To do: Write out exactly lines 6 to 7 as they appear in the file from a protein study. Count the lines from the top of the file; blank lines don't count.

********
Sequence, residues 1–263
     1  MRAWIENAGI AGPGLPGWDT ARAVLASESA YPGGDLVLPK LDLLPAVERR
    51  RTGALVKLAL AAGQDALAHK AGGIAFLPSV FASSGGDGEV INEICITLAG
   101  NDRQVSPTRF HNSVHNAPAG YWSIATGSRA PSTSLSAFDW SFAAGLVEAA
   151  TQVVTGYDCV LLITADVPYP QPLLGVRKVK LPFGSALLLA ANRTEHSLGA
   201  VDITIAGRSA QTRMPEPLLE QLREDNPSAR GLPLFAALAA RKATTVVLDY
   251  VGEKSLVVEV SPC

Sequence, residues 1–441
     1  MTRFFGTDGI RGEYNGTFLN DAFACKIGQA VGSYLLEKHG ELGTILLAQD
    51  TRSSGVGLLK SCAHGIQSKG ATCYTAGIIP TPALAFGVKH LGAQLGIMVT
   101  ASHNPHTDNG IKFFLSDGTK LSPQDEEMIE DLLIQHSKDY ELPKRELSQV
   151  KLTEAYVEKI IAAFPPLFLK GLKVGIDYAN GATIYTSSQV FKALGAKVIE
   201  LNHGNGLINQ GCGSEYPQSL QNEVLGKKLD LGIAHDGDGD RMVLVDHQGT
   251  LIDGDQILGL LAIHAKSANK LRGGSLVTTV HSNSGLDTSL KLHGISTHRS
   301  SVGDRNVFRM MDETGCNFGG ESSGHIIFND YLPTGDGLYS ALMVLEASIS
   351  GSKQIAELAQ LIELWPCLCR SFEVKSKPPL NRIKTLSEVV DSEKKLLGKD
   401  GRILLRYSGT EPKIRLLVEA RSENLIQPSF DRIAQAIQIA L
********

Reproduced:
   201  VDITIAGRSA QTRMPEPLLE QLREDNPSAR GLPLFAALAA RKATTVVLDY
   251  VGEKSLVVEV SPC